1 – If Meryt-Neith had a man’s name she’d be regarded as a pharaoh of the First Dynasty of ancient Egypt (ruling circa 3000 BCE) and the world’s first know queen regnant. But since she has a women’s name many historians don’t consider there to be enough evidence to say with reasonable certainty that she ruled. I, with my vast enthusiastic amateur history credentials, consider that she did.
2 – If Ulpia Severina had a man’s name she’d be regarded as an Empress regnant of the Roman Empire (ruling for some time after 275 CE). But since…you get the idea. She was the wife of Emperor Aurelian, who pretty much put the Empire back together after the Crisis of the Third Century. There’s numismatic evidence that after his death she ruled in her own right (coins with her image were minted after her husband’s death).
3 – The earliest physician whose name we know is Merit Ptah, a woman who practiced medicine circa 2700 BCE in Egypt.
4 – The world’s most powerful general circa 1200 BCE was Fu Hao, a Chinese woman.
5 – In 530 BCE Ennigaldi-Nanna founded and became the curator of the world’s first museum, in Babylonia.
6 – When the Emperor Augustus started bringing oppressive laws regarding sexual fidelity, some women in Rome started registering as prostitutes to circumvent them.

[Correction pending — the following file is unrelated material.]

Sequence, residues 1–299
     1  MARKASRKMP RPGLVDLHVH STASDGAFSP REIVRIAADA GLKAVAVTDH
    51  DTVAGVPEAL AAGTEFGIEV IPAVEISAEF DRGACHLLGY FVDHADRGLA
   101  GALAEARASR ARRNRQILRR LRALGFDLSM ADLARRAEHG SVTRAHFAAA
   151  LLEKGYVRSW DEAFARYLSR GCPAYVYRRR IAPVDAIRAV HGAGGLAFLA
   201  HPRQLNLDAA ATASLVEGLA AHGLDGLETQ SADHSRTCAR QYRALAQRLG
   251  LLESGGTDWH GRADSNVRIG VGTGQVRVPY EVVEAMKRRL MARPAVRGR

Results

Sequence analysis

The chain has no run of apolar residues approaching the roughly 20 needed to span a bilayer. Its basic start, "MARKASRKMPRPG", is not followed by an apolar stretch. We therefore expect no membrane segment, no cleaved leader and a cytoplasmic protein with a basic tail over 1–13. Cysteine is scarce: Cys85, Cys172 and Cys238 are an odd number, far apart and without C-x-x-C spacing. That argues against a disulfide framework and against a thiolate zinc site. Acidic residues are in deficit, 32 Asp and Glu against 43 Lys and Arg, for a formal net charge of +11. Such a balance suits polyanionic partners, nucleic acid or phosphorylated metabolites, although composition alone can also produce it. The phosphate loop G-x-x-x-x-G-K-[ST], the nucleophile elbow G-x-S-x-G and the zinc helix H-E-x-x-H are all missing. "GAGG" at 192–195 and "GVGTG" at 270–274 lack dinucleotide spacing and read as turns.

7 – Sometimes I get judgy at excessively young protagonists in fantasy novels, but then history has people like Pulcheria who at thirteen took her first steps to securing her rule of the Eastern Roman Empire, and was declared regent at fifteen. (She was a very successful ruler, and did a lot of work to emphasise to emphasise the power of the Imperial family through religion, since the more traditional martial achievements weren’t so accessible to her.)
8 – The oldest surviving medical text by a woman is from 490 CE. It was written by Metrodora, a Greek physician.
9 – If you don’t know who Fredegund and Brunhilda are, LOOK THEM UP. Two medieval rulers who engaged in one of history’s greatest, most vicious feuds, and it lasted over forty years.
10 – Boadicea is rightfully famous for her revolt against Roman rule. But as a general and tactician she was…not great. You know who was great? Aethelflaed, Lady of Mercia. She was a powerful, energetic ruler of the early tenth century who won her battles.